BLU-RAY REVIEW / FRAME SHOTS
Blu-ray, DVD, Digital copy; 2018; R for profanity and drug content; streaming via Amazon Video, FandangoNOW, Google Play, iTunes, YouTube, Vudu
Best extra: Commentary with Producer Simon Chinn and Director Kevin Macdonald
MAGICAL, FLAWLESS and unmatched. That was Whitney Houston’s voice, a voice that dominated the 1980s and ‘90s with seven consecutive U.S. No. 1 singles and more than 200 million albums sold worldwide.
Her beauty and one-of-a-kind talent captured an entire generation. With the voice of an angel, the body of a runway model and a contagious smile, the pop icon was the picture of perfection until her polished public persona and tumultuous personal life collided. Erratic behavior, a failed marriage, and years of cocaine use marred her picture-perfect image before her sudden death at the age of 48 – just one day before the 2012 Grammys.
Even as she spiraled downward before our eyes, Whitney Houston as anything other than perfect always seemed impossible to accept. Amid the denial from fans were questions. How did the picture of talent and innocence meet such a tragic end? Oscar-winning director Kevin Macdonald and producer Simon Chinn set out to answer that pressing question with “Whitney.”
As Chinn and Macdonald embarked on this biographical documentary, they quickly met a roadblock. What happened to Whitney Houston was a question nobody could truly answer. It was a mystery even to those who worked with her for decades. The filmmakers set that goal aside and instead aimed to lift portions of the veil that always covered the superstar’s life. In doing so, perhaps they could unearth a few answers. “We didn’t come to this as sort of die-hard Whitney fans, but I think actually through the process of making the film we’ve sort of come to a different sort of appreciation for her,” Chinn says in the commentary.
Houston was always very guarded during her interviews, witty and conversational while revealing very little about herself, so footage that would allow the superstar to tell her own story was scarce. Filmmakers depended on her mother, brothers, exes, friends and colleagues to paint a picture of her. Ex-husband Bobby Brown was very cautious in his interview while Houston’s best friend, Robyn Crawford, opted not to participate in the film, much to Chinn and Macdonald’s dismay. Cissy Houston provided painfully candid commentary about her late daughter. “I think that frailty and the difficulties and tragedy she’s gone through in her life does really come through in her interview,” Chinn said.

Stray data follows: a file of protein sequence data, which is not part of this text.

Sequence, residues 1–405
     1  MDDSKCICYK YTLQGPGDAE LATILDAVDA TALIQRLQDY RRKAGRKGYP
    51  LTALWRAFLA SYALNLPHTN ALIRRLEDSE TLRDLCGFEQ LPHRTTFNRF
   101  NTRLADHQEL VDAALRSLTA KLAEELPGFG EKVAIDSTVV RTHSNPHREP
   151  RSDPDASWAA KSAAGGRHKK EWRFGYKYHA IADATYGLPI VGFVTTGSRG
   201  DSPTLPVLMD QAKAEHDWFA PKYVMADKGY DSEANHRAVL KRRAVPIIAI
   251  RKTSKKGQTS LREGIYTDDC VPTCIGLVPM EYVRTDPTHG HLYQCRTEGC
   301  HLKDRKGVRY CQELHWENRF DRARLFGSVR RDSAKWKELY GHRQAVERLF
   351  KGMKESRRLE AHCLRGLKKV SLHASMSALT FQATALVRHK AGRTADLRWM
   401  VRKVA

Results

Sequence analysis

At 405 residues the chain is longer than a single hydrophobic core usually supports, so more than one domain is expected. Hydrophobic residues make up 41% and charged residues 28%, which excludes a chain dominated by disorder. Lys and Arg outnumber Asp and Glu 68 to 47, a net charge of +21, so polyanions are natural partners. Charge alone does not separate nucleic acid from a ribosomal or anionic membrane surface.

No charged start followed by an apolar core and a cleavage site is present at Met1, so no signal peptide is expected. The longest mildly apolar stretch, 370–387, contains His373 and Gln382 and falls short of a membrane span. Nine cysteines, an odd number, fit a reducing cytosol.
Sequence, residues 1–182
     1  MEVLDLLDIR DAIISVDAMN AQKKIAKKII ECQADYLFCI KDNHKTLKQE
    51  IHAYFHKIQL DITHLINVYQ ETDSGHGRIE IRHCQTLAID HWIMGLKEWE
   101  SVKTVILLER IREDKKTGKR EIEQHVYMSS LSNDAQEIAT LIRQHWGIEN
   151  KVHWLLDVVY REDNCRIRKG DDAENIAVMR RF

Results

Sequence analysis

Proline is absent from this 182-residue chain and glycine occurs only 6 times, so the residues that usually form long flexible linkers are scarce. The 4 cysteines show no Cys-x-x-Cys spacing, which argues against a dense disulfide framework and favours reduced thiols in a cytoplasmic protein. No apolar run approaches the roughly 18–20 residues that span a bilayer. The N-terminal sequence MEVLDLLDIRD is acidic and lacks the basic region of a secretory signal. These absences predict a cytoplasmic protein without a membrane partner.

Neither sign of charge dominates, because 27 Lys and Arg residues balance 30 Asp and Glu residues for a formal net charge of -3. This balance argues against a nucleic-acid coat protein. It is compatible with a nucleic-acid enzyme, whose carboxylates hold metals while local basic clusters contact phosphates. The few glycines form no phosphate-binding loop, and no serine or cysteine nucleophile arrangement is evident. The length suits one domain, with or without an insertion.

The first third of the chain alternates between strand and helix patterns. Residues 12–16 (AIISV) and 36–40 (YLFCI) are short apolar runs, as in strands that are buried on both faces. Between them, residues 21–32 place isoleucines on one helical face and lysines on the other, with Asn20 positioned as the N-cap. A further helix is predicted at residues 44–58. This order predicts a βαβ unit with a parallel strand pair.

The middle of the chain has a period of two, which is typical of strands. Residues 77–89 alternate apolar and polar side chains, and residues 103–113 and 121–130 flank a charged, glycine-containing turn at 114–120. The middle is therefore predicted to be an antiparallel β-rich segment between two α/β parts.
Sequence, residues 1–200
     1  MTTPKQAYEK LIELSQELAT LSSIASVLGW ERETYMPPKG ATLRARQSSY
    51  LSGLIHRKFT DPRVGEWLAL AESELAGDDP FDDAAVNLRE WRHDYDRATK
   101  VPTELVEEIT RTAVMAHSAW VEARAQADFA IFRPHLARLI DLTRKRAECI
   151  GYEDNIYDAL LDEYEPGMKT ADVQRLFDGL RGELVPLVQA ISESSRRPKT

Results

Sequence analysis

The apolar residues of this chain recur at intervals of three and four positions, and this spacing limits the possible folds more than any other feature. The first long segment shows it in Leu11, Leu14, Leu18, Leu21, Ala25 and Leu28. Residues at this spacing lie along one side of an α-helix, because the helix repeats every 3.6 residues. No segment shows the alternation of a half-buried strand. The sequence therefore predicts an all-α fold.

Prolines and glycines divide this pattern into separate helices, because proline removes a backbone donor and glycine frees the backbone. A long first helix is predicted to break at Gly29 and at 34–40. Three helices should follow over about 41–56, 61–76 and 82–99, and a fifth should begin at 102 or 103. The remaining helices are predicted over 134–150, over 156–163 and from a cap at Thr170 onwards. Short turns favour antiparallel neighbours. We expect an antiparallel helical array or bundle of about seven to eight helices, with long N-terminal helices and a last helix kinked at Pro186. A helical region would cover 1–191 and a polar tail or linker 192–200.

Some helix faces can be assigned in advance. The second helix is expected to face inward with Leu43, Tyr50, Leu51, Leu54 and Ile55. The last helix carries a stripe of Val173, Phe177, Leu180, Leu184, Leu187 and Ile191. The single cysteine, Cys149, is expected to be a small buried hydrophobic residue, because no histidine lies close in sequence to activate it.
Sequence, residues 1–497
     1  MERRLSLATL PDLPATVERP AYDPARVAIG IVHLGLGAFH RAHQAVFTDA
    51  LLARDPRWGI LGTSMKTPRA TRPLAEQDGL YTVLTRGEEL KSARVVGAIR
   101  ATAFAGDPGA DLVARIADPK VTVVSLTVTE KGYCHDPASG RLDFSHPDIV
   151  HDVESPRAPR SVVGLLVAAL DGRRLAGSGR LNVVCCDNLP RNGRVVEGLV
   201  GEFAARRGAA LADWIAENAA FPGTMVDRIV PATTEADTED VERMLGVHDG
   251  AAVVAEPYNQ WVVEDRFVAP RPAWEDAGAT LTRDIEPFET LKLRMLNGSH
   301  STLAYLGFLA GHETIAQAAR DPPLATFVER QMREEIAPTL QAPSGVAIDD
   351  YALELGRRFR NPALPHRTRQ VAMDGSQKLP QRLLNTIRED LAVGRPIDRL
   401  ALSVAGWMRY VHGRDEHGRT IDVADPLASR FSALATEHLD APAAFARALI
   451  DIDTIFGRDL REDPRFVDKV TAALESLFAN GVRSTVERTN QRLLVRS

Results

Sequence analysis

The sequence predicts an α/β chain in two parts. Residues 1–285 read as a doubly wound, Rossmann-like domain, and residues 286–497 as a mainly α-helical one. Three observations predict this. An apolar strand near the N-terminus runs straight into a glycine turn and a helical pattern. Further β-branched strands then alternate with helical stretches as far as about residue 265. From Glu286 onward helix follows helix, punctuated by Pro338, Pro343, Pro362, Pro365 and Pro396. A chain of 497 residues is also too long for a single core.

Chinn and Macdonald use their commentary track to offer insight into Cissy Houston’s life and career as well. They also explain their decision to reveal some of the family’s most shameful history that was hidden from the public until now. They highlighted those family secrets to accurately tell Houston’s story, marking moments when the singer’s innocence was lost.
Archival footage from the 1980s was hard to come by, but Chinn and Macdonald found some gems, like video that introduces fans to a teenage Whitney Houston singing in church. Other videos invite audiences into some of the singer’s personal moments with family and friends. Chinn and Macdonald used performance footage to bring Houston’s voice to the film and, in a way, allow her to tell her side of the story. Though she never wrote her own music, they believe she found the most personal meaning in songs about yearning, whether yearning for love or yearning for home.
The Blu-ray also includes a photo gallery of eight images. Some appear to be polished press photos, while others are more candid. The somber and ghostly music that accompanies the photos is in stark contrast to Whitney’s vibrant smile.
While “Whitney” uncovers some of the star’s mystery and evokes pleasant memories of the voice the world loved, it is also dismal and mournful, igniting painful reminders of what the world lost and a longing for what could have been.
― DeAnne M. Williams